Tennessee Truck Driver Laws & Regulations
Posted in Truck Accidents on July 20, 2023
Drivers who operate or own commercial trucks understand that there are significant federal and state regulations they must adhere to. In most cases, states follow the regulations set forth at the federal level, but there are a few laws specific to Tennessee that truck drivers and owner-operators need to be aware of. It is crucial for commercial vehicle operators and others to understand these laws and how they affect safety on roadways throughout the state. Failure to adhere to state and federal regulations could lead to liability issues should an accident occur on Tennessee roadways.
Some General Federal Regulations
Federal regulations are imperative when it comes to the safe operation of larger commercial trucks across the country. Even though each state does have separate regulations related to the trucking industry, the federal government tends to have the most authority over these vehicles. However, federal authority only extends to commercial trucks that cross state lines. Even though this is the majority of commercial trucks in the state, there are many that also operate solely within Tennessee.
Some of the main federal regulations related to truck drivers and truck companies revolve around hours of service requirements, log books, and regular maintenance and inspection.
Hours of Service
Truck drivers that operate across state lines must abide by the hours of service requirements applied by the Federal Motor Carrier Safety Administration (FMCSA). In general, the following regulations apply to most truck drivers:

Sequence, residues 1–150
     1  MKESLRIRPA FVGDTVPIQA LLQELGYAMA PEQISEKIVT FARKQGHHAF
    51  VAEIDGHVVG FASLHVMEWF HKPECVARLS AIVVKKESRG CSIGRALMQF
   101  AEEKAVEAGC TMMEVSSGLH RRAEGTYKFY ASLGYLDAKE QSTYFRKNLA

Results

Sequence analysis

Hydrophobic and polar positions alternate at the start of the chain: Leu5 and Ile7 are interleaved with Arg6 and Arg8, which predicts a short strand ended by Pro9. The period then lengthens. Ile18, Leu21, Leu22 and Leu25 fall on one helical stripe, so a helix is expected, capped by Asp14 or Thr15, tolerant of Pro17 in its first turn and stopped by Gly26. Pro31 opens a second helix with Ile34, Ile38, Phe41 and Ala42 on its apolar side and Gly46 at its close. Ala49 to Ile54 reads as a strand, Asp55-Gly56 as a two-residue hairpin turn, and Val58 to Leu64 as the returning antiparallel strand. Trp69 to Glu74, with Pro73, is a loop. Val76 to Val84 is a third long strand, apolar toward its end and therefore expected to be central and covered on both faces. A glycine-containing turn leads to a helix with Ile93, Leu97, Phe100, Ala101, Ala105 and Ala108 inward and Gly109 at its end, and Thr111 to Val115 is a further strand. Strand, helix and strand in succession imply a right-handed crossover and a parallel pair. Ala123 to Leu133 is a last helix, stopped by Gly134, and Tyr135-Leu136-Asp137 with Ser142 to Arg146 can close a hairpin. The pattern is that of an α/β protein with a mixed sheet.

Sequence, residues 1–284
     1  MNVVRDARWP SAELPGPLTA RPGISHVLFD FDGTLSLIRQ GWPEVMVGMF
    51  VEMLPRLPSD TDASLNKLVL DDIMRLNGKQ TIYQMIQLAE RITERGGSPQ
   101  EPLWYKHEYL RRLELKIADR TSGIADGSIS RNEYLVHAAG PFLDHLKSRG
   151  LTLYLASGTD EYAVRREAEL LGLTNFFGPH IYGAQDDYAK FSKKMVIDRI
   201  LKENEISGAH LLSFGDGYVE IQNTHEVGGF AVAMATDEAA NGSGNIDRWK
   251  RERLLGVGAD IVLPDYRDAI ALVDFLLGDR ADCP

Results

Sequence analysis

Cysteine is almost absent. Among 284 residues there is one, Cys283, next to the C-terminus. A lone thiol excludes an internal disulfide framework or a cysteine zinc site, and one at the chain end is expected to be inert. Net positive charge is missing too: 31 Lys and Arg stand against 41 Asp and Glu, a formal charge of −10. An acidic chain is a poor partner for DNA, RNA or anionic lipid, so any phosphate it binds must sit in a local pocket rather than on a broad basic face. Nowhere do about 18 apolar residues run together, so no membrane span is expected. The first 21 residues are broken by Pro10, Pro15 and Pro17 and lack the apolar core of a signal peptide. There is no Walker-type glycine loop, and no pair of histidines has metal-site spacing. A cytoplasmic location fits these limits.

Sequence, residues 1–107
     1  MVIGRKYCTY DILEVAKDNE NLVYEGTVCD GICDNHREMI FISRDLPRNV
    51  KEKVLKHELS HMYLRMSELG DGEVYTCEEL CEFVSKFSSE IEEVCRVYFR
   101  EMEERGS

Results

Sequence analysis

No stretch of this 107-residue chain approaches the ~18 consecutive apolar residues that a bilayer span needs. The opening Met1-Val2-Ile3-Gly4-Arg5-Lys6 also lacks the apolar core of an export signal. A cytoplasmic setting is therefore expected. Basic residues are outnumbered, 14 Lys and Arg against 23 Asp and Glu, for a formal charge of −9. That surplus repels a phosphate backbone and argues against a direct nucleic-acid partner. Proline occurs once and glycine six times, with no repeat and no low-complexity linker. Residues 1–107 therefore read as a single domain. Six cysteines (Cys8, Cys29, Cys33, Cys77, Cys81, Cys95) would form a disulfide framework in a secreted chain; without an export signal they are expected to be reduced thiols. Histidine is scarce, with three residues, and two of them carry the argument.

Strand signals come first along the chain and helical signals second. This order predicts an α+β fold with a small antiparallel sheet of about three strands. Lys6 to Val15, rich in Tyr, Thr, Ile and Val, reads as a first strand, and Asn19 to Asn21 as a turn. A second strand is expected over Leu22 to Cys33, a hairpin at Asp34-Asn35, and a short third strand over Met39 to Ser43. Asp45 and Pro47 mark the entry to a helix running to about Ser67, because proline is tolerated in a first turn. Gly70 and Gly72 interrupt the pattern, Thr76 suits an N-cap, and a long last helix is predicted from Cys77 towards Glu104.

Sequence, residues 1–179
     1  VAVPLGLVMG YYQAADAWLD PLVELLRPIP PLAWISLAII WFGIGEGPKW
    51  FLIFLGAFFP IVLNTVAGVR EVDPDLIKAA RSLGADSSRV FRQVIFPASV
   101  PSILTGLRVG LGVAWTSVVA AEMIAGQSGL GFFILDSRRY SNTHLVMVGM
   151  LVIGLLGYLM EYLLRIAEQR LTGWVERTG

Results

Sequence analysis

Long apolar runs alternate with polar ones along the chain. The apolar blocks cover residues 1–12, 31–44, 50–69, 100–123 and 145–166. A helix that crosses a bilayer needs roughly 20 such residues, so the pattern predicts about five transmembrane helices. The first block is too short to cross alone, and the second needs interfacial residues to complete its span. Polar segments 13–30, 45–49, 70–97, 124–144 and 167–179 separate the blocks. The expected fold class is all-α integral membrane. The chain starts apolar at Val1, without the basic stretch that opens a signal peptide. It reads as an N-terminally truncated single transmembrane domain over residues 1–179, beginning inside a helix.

- 11 total hours of driving time after 10 consecutive hours off duty
- 14-hour limit for on-duty time during the day. Drivers must not operate beyond the 14th consecutive hour after coming on duty following 10 hours off.
- 30-minute breaks are required when drivers have driven a cumulative period of eight hours without one 30-minute interruption. This break can be satisfied with various non-driving activities that occur in a consecutive 30-minute time frame.
- There is a 60 or 70-hour limit depending on the time frame involved. Drivers may not operate beyond 60 hours in a seven-day work week or beyond 70 hours in an eight-day work week. Drivers can restart a seven or eight-day period after taking 34 or more consecutive hours off duty.
Federal law requires that all commercial trucks come equipped with an electronic logging device (ELD). Previously, these were paper logs, and drivers put in a log of their hours and hauls with their own handwriting and timestamps. Now, these logs are electronic and plugged into large commercial trucks.
Electronic logging devices automatically record a driver’s hours of service as well as information related to the vehicle’s engine, miles driven, and overall movement.
The FMCSA also puts forth requirements for truck companies and truck owner-operators. Federal regulations state that every motor carrier is required to regularly “inspect, repair, and maintain…all motor vehicles subject to its control.”